March 21, 2011
CONTACT INFORMATION: Terri McCoy, (406) 444-2807
McCulloch Opposes Measure That Would Limit Montana Residents From Voting; Says State Shouldn’t Impose ID Requirements Stricter Than Those
Imposed by the Federal Government
HELENA, MT – Secretary of State Linda McCulloch on Monday opposed a measure that would limit the legal right for Montana residents to register and to cast a ballot in an election. McCulloch said HB152, which would require voters to present a government-issued photo ID card to register to vote, imposes unneeded bureaucracy upon qualified voters.
“This bill unnecessarily goes above and beyond the ID requirements outlined by the federal Help America Vote Act, which was signed by President Bush in 2002,” McCulloch testified in the Senate State Administration Committee. “Montana is a fiercely independent state, and it is rare to see a measure that increases burdens beyond those that have been imposed by the federal government.”
Some forms of identification used to obtain a government-issued photo ID card are the same forms of identification that Montanans can use under current law to vote. McCulloch said requiring Montanans to go to a licensing branch before registering to vote to obtain a government-issued photo ID places unnecessary burdens on qualified resident voters.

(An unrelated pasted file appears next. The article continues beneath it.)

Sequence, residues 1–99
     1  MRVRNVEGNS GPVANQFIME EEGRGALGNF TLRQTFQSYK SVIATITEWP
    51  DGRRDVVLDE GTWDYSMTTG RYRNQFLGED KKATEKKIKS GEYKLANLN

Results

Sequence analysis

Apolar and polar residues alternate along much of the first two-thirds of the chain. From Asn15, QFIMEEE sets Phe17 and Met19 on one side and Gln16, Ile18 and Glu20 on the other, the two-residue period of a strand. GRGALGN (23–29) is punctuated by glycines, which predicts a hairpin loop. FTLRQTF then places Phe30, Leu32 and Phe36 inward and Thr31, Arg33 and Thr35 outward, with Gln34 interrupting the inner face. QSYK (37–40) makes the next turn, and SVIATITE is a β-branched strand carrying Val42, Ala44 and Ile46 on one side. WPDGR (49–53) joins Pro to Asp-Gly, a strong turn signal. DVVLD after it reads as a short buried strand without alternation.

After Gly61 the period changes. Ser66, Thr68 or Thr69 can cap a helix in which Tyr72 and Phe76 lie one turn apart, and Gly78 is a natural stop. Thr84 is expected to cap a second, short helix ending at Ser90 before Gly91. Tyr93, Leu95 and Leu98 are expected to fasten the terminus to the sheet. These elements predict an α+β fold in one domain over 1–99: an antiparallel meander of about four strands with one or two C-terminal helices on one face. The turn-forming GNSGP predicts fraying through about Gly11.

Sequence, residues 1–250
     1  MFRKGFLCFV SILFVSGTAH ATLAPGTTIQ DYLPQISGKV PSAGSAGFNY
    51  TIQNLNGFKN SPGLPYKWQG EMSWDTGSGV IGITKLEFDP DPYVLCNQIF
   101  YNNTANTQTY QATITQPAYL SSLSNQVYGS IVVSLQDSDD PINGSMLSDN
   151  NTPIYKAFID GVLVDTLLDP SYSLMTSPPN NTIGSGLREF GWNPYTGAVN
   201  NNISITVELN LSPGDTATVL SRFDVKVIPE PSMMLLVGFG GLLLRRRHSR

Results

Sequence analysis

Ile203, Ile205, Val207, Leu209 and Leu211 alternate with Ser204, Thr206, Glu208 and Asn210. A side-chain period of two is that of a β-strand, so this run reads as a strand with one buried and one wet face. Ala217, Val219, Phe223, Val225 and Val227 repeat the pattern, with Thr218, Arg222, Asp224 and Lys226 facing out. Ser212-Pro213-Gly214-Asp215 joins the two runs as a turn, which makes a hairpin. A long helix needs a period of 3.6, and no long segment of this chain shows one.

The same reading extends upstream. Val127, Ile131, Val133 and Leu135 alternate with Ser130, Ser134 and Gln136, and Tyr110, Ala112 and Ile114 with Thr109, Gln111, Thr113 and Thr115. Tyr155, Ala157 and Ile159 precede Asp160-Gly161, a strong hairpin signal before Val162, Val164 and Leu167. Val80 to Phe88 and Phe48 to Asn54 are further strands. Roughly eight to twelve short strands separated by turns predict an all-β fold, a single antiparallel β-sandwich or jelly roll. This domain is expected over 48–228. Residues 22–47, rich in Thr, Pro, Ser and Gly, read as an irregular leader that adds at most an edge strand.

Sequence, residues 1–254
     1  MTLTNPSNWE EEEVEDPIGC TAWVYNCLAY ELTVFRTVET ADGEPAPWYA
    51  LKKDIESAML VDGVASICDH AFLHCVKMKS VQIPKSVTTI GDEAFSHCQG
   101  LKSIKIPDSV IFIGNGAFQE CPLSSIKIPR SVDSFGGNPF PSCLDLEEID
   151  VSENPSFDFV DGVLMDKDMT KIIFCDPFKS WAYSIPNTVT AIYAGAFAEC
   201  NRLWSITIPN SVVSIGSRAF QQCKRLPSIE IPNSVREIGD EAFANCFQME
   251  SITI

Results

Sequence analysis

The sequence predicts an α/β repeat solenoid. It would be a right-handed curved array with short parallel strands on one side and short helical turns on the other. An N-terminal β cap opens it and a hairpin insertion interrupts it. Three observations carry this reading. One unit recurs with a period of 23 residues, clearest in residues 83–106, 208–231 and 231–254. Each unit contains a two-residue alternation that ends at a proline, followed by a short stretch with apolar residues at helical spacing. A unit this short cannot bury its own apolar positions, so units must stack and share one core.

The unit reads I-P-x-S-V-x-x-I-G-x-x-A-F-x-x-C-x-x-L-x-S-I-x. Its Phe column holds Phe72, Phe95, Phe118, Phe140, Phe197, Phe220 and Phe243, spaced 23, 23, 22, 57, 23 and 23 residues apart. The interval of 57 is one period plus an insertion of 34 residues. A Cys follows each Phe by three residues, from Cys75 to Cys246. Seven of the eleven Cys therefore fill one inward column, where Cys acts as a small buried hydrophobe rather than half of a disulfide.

“This bill makes it harder for Montanans to exercise their voting rights,” McCulloch said. “Not every eligible voter has a government-issued photo ID, nor are they able to afford one or find transportation to the licensing branch.”
McCulloch urged the Legislature to consider the costs that states like Ohio and Georgia have incurred defending their ID requirements in court. She said, at the very least, HB152 should follow the guidelines resulting from these court challenges and subsequent decisions regarding government-issued photo ID cards.
“What we can learn from recent litigation is that this bill shouldn’t be taken at face-value,” McCulloch said. “In order to uphold the fundamental right for every eligible person to cast a ballot in an election, Montana will have to provide additional ID services and extensive voter outreach, among other things.”
McCulloch argued that should HB152 become law, the Legislature would have to consider providing government-issued photo ID cards free of charge. She also said the state would need to open additional licensing or ID stations to ensure that every county had one, and possibly extend the hours that the driver’s license offices are open to accommodate all voters.